looking for a way to unlock a back end mdb file


P

Paul

Is there any way to unlock a back end database file?

I understand that one answer is to get all the users that are linked to it
to close down. However, we're tried that and the file will sometimes remain
locked for a few days.

We're using Access 2003 in a multi-user environment, and every night we
import data from other databases, then compact and repair the back end mdb
file. To ensure that all the users close down their front end file at the
end of every day, I have a timer event in a hidden form that checks the name
of a file on the network server every 30 minutes. If the extension of that
file name is "yes", it closes down. If it's "no", it does nothing.

This works great 99% of the time. All the user front ends close down, the
ldb file disappears and the back end file can be compacted and repaired.
However, every couple of months, this technique doesn't succeed, and the
back end remains locked for several days, during which time we can't compact
and repair it, (because it won't run the compact and repair operation while
it's locked). Thus far the locking never lasts for more than a few days,
after which it will mysteriously unlock itself, and we can resume normal
maintenance operations.

My biggest concern is that it may reach the point where it never unlocks,
and just keeps getting larger over time. I've noticed that even while it's
locked I can copy the back end file to another folder (and copy and repair
the new copy), but I can't delete or copy over the locked file. It would
be great if there were some way to force it to unlock, so we could compact
and repair it every night. Alternatively, if there were a way to delete or
copy over the file, then we could replace it with the copy that was
compacted and repaired in another folder.

Is there any way to solve this problem of the back end mdb file that remains
locked?

Thanks in advance,

Paul
 
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D

Douglas J. Steele

The simplest way is to reboot the server. That will force the handle on the
database to be released.
 
D

Daniel Pineault

The technique you employ is the proper approach. I use it on several
multi-user database with no issue.

If it is not managing to shut certain users, then you have another
underlying problem that you need to identify and resolve.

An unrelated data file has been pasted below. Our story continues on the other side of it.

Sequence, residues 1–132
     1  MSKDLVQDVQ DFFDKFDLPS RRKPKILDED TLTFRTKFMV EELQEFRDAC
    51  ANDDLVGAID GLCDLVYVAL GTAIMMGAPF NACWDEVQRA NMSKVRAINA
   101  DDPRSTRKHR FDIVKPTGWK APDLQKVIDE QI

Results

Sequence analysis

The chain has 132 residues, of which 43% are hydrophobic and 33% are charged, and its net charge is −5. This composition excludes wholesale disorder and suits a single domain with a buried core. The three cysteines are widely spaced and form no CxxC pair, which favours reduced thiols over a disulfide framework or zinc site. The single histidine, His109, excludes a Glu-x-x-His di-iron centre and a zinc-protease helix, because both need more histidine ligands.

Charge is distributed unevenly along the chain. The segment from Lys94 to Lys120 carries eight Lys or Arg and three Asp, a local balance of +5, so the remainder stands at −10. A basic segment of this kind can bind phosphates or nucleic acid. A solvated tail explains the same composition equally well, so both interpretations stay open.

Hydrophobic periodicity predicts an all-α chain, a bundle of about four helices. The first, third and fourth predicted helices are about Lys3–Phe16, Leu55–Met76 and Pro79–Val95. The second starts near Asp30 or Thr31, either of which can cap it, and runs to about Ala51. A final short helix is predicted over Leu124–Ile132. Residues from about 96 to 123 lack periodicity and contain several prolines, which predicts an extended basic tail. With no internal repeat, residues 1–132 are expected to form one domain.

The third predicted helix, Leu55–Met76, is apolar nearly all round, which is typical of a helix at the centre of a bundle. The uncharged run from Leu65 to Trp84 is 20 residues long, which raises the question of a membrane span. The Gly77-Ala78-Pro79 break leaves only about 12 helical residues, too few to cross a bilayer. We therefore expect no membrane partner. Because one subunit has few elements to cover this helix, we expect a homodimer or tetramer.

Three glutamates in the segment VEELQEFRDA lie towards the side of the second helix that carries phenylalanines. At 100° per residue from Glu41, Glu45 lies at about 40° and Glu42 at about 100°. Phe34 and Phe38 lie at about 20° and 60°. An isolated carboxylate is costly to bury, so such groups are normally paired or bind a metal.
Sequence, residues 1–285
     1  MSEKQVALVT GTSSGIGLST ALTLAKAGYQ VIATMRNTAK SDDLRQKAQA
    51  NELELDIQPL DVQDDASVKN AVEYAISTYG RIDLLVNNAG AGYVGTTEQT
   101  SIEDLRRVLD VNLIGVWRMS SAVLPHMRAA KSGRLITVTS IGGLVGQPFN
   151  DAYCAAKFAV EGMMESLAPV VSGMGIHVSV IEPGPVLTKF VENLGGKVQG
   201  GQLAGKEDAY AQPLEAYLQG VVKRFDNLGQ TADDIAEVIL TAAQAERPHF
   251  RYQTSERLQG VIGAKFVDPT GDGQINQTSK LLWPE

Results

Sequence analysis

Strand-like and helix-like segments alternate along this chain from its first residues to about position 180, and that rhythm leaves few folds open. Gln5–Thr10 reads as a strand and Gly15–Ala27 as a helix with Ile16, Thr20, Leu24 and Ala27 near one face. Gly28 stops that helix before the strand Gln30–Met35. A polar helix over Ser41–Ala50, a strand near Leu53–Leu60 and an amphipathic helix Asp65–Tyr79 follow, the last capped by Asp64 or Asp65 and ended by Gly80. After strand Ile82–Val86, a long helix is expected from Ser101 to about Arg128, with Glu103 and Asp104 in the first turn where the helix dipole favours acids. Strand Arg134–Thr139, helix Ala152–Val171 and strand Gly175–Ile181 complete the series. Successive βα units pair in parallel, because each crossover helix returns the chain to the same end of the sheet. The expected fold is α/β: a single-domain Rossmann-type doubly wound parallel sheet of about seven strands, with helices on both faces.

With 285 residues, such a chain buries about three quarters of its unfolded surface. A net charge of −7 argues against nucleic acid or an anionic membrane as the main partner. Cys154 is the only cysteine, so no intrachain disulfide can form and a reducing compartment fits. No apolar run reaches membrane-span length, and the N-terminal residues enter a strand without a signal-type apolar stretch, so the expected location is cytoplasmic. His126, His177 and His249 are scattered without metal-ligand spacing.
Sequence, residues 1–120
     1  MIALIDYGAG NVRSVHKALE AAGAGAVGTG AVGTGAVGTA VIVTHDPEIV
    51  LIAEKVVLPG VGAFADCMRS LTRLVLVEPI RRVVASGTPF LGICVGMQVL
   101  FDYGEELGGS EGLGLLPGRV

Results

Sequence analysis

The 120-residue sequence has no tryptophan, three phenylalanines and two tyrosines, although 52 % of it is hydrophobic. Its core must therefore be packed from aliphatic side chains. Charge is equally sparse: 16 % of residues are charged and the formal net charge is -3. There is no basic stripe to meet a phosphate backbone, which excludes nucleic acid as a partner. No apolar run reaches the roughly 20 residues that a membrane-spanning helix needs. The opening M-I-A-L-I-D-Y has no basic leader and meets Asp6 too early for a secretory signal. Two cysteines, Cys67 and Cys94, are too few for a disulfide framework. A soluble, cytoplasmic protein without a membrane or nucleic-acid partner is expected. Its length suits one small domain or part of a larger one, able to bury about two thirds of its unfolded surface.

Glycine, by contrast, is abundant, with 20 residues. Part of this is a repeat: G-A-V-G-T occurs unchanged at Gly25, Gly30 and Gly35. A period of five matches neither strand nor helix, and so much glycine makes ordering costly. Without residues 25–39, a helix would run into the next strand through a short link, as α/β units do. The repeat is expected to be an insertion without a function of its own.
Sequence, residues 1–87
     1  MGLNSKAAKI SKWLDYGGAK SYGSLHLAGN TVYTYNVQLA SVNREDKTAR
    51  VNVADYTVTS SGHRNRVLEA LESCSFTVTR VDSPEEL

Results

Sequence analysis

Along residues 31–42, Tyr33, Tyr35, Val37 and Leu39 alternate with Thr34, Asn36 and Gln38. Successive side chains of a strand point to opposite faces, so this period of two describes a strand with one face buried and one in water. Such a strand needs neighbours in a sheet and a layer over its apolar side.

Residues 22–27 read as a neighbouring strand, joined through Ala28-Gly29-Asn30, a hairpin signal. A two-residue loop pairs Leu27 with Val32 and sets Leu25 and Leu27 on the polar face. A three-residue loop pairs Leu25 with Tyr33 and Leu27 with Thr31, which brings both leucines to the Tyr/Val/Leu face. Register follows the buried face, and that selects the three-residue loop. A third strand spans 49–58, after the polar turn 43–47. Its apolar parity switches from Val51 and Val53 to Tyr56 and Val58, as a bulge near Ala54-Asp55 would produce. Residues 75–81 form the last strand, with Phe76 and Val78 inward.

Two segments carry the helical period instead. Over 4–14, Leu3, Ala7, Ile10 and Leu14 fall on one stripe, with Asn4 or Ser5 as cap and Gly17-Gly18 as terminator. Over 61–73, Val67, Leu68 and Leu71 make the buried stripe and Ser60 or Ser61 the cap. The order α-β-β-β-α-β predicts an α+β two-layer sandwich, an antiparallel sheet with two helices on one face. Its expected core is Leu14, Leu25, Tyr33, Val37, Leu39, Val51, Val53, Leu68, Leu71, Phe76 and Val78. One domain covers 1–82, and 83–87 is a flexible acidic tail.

I also believe that certain system dialogs can block your shutdown routine.

Personally I use a combination of automated inactive user logoff and
administrative logoff. So I set the db to automatically boot users off that
do no actually work with the db for 60min and also the method you are using.

I suspect your issue may pertain to a specific pc or 2. Have been able to
identify which user(s) are retaining a lock on the mdb? Is it always the
same pc(s)? Are they up-to-date with both windows and office updates?

When you say that the ldb remains, is it actually in use or did was a
connection improperly closed? Can you manually delete the ldb file? Or does
the system stop you from deleting it because there is still and active
connection?
--
Hope this helps,

Daniel Pineault
http://www.cardaconsultants.com/
For Access Tips and Examples: http://www.devhut.net
Please rate this post using the vote buttons if it was helpful.
 
P

Paul

I suspected that might be the case. However, I also suspect that out
network administrators only reboot on weekends, but I will have to check
with them.

Thanks for pointing that out, Doug.
 
P

Paul

I set the db to automatically boot users off that
do no actually work with the db for 60min and also the method you are
using.

I've found several references on the Web for code that does that. Did you
obtain one of those in the public domain, in which case can you recommend
one, or did you write it yourself?
I suspect your issue may pertain to a specific pc or 2. Have been able to
identify which user(s) are retaining a lock on the mdb?
Is it always the
same pc(s)?